July 7, 2016
Seventy-five percent of US employers say workplace stress is their number one health concern, but a disconnect between employers and employees on the causes of stress could undermine efforts to address the problem. Data from Willis Towers Watson’s 2015/2016 Global Staying@Work Survey along with its 2015/2016 Global Benefits Attitudes Survey reveals that the top causes of stress has picked by employer tended to fall into categories of large organisational issues, such as change and ubiquitous technology connections which can make employees feel that they are always on the job. By contrast, employees pointed more directly to specific elements of their personal work experience. For example, employees ranked organisation culture — including a lack of teamwork and a tendency to avoid accountability — third on their stress list, while employers ranked it last. Conversely, employers identified insufficient work/life balance as the top stressor for workers, while employees ranked it sixth.
“To address workplace stress, employers first need to understand its root cause from their employees’ point of view,” said Steve Nyce, senior economist at Willis Towers Watson.
“Those who base their efforts on misguided assumptions risk trying to solve the wrong problems, and could end up wasting money and alienating employees. A good place for employers to start is by asking employees directly what’s causing their stress and how they can help.”
“Our research shows that stress has multiple causes, both workplace and personal,” added Nyce. “In the workplace, employers likely will find that most workplace stressors can be addressed by local management — for example, staffing issues, lack of clearly defined roles and inequities in workloads.”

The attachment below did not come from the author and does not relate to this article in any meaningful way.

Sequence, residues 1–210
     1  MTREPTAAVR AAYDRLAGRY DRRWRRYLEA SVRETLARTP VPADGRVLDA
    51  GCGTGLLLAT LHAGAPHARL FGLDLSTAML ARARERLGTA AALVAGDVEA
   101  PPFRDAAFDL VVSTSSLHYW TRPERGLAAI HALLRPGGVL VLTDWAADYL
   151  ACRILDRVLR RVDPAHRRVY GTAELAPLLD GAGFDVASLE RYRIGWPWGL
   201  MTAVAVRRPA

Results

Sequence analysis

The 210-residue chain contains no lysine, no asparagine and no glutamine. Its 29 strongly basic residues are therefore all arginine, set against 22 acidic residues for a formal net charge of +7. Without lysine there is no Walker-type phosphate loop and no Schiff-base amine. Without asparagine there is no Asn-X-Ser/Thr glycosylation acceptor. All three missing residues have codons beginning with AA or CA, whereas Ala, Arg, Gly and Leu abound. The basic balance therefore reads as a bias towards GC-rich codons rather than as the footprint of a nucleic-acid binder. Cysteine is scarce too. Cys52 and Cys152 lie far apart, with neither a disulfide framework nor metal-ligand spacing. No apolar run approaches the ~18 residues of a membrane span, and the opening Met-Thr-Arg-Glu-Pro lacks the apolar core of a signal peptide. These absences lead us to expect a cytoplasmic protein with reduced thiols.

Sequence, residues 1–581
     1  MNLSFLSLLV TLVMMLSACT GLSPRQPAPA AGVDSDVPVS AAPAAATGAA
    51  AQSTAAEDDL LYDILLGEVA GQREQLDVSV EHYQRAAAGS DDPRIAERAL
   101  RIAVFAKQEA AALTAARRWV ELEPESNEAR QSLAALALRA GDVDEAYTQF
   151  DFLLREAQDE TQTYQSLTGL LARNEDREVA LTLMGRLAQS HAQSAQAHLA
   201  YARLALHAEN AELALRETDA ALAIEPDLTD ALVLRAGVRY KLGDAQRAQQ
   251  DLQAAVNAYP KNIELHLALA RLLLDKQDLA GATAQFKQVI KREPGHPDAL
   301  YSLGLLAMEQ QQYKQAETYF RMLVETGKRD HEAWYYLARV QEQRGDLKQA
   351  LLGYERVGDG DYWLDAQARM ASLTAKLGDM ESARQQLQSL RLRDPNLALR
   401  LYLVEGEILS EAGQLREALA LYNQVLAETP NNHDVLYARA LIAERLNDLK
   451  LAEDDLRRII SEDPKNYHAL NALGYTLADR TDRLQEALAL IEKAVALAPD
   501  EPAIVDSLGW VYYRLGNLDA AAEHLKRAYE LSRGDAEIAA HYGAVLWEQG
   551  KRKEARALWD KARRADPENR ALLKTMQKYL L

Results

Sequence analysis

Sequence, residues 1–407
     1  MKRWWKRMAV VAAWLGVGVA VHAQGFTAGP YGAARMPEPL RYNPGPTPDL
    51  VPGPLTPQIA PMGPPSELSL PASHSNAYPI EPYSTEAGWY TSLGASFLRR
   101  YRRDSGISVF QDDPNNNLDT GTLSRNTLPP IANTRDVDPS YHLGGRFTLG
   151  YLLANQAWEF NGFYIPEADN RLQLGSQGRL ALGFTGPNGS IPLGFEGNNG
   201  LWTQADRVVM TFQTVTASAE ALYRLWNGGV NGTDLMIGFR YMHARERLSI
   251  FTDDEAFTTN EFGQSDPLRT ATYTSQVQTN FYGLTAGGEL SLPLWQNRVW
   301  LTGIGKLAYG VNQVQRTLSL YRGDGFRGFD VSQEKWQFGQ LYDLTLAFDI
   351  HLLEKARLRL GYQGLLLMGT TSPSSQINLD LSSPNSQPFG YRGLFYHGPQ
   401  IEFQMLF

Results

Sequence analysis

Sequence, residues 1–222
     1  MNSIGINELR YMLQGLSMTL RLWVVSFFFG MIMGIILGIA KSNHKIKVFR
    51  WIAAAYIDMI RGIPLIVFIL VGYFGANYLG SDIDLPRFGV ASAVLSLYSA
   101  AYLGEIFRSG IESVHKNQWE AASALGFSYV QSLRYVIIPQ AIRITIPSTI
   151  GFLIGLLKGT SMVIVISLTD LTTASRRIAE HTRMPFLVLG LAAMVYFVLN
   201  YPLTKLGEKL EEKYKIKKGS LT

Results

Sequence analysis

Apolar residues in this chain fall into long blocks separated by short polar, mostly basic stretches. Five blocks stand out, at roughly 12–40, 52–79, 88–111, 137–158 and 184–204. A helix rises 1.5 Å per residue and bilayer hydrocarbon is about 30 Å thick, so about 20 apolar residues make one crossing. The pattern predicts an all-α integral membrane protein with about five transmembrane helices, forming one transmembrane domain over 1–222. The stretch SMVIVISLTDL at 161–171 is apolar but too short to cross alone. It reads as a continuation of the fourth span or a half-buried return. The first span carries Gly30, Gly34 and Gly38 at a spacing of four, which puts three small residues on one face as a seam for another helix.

Other notable survey findings include:
- While most employees want to reduce workplace stress and improve their health, nearly half don’t want their employer to have access to their personal health information.
- Almost one-third “don’t trust” their employer when it comes to their health and well-being.
- Employees tend to choose one of two options to deal with their stress: 1) connecting with friends, family members and colleagues or 2) pursuing activities such as exercise, stress-reduction techniques or sedentary activities including indulging in comfort foods or watching TV.
- Just one in five employees seek external help from a professional or uses such services provided by their employer.
“Even with workplace improvements that support better health and productivity, the demands of work and life will always cause some stress for some employees,” said Shelly Wolff, senior health care consultant at Willis Towers Watson.
“Employers can support by helping them develop skills that better equip them to manage the unhealthy effects of stress, when needed.”